In addition to the many fine cheeses, between each was a type of jam or chutney meant to compliment the flavor of the cheese. I picked up these as well, particularly being fond of the mixed berry chutney and the bourbon-bacon-onion jam (I’ll be working on a recipe for that as soon as I’m back where bourbon and bacon are legal).

Beside the cheese board was a bread table with an equally large variety of crisp and soft breads, rolls and crackers to accompany the cheese. I chose a simple pretzel roll as a palate cleanser between cheeses.

A nutritionist once told me that cheese activates the same pleasure receptors as opiates. This day I did not doubt it.

My third plate went after the meats. There was a grilling station that had grilled lamb chops and grilled beef tenderloin (among other things). The lamb was… perfect. Because of the huge amount of dishes to try, I was usually taking only one or two small bites of everything (even those things served in small portions), but the lamb! I enjoyed down to the bone.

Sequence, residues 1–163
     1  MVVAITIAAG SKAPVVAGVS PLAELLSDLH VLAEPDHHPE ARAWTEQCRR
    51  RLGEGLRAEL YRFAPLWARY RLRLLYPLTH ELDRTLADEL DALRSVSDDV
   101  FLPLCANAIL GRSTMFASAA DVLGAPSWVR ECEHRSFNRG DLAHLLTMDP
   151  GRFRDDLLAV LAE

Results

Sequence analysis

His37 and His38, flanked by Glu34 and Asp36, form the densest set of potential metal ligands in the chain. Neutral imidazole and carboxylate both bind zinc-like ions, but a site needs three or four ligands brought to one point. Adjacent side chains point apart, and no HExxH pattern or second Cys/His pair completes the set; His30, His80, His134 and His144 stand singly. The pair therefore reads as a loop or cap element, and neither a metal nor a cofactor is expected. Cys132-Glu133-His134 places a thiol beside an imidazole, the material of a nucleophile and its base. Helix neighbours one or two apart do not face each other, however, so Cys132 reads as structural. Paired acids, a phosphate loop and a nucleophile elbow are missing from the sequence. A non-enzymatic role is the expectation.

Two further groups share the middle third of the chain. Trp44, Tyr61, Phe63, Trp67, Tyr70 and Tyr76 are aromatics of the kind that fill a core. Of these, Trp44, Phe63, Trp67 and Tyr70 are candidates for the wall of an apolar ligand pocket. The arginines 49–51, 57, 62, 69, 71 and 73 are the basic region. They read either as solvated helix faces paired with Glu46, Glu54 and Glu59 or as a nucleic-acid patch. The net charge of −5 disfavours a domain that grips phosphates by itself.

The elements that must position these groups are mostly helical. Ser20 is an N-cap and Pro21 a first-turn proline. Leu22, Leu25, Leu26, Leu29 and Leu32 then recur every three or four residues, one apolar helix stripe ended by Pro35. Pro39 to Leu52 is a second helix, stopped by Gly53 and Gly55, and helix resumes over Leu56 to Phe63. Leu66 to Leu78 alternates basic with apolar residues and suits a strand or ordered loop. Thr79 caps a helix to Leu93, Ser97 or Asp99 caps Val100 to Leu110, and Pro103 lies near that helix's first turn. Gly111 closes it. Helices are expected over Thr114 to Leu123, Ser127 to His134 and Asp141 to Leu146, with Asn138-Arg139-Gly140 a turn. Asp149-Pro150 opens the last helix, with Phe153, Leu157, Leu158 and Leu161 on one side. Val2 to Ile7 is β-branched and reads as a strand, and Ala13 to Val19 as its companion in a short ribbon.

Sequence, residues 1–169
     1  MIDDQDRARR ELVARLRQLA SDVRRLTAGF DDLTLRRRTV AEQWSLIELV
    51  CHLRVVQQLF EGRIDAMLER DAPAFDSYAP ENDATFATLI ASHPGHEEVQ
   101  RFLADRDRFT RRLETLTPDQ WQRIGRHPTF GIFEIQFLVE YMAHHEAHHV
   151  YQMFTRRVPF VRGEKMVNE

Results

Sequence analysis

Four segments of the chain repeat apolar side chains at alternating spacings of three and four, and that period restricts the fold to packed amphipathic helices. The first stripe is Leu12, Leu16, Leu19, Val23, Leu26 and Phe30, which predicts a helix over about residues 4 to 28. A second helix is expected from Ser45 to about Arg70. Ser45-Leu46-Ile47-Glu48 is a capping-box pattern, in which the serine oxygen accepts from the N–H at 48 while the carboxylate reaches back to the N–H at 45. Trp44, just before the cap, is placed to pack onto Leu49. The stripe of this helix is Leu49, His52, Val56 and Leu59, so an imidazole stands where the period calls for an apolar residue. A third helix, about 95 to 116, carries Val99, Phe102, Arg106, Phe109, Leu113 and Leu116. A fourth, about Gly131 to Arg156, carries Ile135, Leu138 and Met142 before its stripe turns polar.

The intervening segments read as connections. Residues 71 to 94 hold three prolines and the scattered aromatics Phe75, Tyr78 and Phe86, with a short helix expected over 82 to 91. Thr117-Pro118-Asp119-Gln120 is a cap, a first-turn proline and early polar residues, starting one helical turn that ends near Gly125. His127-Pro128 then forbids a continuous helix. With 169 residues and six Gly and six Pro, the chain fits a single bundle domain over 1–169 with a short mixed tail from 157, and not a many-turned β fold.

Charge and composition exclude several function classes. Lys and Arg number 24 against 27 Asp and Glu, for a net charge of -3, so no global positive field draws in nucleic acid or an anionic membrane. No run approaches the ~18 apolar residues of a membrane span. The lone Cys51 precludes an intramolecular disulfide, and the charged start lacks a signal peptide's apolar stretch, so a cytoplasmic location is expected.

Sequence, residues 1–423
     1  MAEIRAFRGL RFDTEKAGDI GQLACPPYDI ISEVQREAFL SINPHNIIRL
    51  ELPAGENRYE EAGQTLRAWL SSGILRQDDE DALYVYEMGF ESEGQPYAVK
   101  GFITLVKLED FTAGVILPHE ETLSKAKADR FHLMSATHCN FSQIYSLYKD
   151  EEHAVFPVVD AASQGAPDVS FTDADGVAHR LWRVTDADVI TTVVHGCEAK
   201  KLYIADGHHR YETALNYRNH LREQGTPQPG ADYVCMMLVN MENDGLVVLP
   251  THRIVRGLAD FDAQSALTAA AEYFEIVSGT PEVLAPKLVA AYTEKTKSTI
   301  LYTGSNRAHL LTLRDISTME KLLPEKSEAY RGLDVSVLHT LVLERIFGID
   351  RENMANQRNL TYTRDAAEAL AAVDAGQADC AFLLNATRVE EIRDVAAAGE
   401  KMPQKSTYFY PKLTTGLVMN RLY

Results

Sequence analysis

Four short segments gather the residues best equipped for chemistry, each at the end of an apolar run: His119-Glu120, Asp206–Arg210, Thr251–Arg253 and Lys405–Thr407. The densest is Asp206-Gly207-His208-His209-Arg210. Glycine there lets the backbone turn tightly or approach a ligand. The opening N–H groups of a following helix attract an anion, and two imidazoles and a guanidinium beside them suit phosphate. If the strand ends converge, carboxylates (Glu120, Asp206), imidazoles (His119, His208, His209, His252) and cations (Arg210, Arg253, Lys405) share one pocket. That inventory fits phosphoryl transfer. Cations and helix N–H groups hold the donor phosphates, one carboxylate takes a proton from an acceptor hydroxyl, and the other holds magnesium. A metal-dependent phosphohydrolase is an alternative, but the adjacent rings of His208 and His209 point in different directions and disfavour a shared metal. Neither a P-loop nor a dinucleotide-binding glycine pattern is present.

The tenderloin was also delicious, and I also found some chicken satay (one of my favorite Indian dishes) and a new kind of curry that involved sweet potatoes, coconut milk and chicken that I dearly hope I will ever see in a restaurant again someday. Oh! and some Peiking duck, which itself is a dish that is not often seen let alone prepared well outside of gourmet restaurants in Beijing. A perfectly soft pancake, moist duck and a piquant sauce.

Along side this plate, I opted to try one of the coconut concoctions. I really like coconut water, which, like so many other things is better fresh than processed in a bottle or can from the store. These young coconuts were cut open that afternoon, and just enough of the coconut water was splashed out to make room for the rum. It might be my new favorite cocktail, but I’m willing to bet its not as cool if you’re not sipping it from the coconut.